Interestingly, we could identify two main expression profiles, represented by cluster A and cluster B. In detail, cluster A included all the malignant SGTs and only one PA, whereas cluster B included 7 out of 8 PAs (Fig 1).
The columns represent the cases, and the lines represent the miRNAs. Red color indicates high miRNA expression levels; green color indicates low miRNA expression level. Cluster A: 14 out of 14 malignant SGTs and one PA; cluster B: 7 out of 8 PAs.
Differentially expressed miRNAs in malignant SGTs compared to pleomorphic adenomas
We performed a statistical analysis by using Mann-Whitney U-test in order to identify miRNAs that were differentially expressed between malignant and benign lesions.
We identified 61 differentially expressed miRNAs (P-value < 0.05) in malignant salivary gland tumors compared to PAs. Thirty-two out of 61 miRNAs were up-regulated, whereas 29 were down-regulated in malignant SGTs versus PAs. Applying the Benjamini-Hochberg correction, 46 out of 61 miRNAs had significant adjusted P-values (FDR < 0.05). Statistically significant miRNAs with P-values and adjusted P-values are summarized in Table 2.
In addition, we performed an unsupervised hierarchical clustering analysis using miRNAs with an adjusted P-value < 0.05. The signature of 46 miRNAs appeared to be histotype-specific. This allowed us to identify two clusters composed of malignant SGTs (cluster A) and benign SGTs (cluster B) (Fig 2).
The columns represent the cases, and the lines represent the miRNAs. Red color indicates high miRNA expression levels; green color indicates low miRNA expression level. Cluster A: 14 out of 14 (100%) malignant SGTs; cluster B: 8 out of 8 (100%) PAs.
Enriched pathways identified by DIANA-miRPath software
DIANA miRPath v3.0 software revealed 44 enriched pathways with adjusted P-values <0.05. Among these, we selected 15 pathways involved in processes cancer related. The results are reported in Table 3.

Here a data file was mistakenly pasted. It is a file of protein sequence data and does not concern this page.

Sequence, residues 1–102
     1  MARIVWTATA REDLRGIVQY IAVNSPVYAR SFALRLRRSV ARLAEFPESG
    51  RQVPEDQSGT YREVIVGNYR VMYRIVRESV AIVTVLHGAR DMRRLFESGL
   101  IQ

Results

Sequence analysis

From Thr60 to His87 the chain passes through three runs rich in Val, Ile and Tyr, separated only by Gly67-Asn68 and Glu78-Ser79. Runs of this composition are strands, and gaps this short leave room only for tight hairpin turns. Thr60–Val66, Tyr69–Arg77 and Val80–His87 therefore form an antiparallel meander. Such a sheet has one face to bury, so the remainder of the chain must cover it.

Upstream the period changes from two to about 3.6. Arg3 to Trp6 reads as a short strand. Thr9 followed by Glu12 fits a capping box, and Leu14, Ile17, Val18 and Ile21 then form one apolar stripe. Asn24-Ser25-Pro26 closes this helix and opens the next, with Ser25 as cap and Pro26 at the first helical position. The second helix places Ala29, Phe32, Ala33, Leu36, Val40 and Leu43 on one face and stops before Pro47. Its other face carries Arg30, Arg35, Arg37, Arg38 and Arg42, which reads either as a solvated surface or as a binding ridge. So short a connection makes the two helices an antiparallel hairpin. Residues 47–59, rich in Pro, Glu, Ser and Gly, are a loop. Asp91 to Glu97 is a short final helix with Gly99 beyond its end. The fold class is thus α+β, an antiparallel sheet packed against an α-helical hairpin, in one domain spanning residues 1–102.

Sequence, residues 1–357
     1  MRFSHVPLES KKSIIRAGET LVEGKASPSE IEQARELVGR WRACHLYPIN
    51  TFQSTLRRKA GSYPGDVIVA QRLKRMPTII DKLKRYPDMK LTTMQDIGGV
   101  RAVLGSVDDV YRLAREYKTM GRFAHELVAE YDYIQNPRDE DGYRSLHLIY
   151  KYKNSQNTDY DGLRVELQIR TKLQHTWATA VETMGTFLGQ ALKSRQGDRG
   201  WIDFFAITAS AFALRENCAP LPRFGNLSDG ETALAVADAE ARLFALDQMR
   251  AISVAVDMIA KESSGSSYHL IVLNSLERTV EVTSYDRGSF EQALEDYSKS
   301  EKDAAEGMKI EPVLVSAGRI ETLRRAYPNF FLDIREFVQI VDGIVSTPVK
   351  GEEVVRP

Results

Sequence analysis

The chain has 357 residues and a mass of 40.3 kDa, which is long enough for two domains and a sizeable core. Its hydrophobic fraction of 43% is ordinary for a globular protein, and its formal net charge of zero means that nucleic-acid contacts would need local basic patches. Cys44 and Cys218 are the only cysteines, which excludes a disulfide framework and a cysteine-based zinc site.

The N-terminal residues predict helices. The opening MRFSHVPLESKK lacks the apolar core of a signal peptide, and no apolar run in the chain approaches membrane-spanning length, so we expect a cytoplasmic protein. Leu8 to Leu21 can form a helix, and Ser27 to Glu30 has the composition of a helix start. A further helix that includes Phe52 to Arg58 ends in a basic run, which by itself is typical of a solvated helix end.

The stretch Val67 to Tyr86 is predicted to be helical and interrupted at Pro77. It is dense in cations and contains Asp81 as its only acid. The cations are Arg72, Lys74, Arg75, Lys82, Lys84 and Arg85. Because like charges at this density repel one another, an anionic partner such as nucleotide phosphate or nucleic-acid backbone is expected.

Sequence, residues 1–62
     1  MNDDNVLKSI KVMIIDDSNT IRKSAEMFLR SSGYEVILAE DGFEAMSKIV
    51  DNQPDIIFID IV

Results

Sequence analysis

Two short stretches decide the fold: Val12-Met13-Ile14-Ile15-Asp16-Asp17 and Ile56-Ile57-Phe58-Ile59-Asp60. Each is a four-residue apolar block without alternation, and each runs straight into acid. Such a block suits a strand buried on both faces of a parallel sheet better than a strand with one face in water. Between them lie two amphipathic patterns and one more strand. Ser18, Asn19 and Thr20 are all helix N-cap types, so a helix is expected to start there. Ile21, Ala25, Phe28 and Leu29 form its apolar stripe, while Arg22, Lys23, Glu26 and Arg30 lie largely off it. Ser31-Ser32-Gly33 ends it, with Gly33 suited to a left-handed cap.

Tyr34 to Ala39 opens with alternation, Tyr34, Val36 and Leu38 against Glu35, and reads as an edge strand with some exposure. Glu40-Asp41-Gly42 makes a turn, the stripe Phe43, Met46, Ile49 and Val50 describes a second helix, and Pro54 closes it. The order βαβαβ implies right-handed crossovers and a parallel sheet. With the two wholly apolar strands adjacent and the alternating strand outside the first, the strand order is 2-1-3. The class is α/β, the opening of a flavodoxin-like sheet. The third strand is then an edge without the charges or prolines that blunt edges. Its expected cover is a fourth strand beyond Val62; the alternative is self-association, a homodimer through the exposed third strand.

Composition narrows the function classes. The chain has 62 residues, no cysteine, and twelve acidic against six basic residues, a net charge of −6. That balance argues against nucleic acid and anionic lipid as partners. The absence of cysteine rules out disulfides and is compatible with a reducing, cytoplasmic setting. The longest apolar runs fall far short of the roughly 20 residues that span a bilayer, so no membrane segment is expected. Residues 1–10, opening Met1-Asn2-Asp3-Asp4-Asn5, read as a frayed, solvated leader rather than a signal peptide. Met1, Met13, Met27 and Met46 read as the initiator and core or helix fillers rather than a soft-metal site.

According to the KEGG pathway maps, 2 pathways were lipid metabolism related and 6 were environmental information processing related (1 was involved in signaling molecules and interactions and 5 were involved in signal transduction). The pathways related to cellular processes are involved in cellular growth and death (p53 signaling pathway and cell cycle) and in cellular community (adherens junction and focal adhesion).
In addition, pathways involved in cancer overview, such as pathways in cancer, proteoglycans in cancer and transcriptional misregulation in cancer were found significantly enriched.
SGTs constitute 3% of all head and neck tumors. They include a heterogeneous group of lesions with various grades of malignancy, various histological features and various clinical-biological behaviors. FNAC is widely used as a first-line technique for the diagnosis of salivary gland pathologies . However, it has not gained universal acceptance because of the high rate of false-negative results and poor accuracy for distinguishing among the different types of SGTs. A more reliable diagnostic tool, such as the molecular markers identified in the present study, could improve the accuracy of pre-surgical assessment especially when a definitive diagnosis cannot be achieved based on cytomorphology only.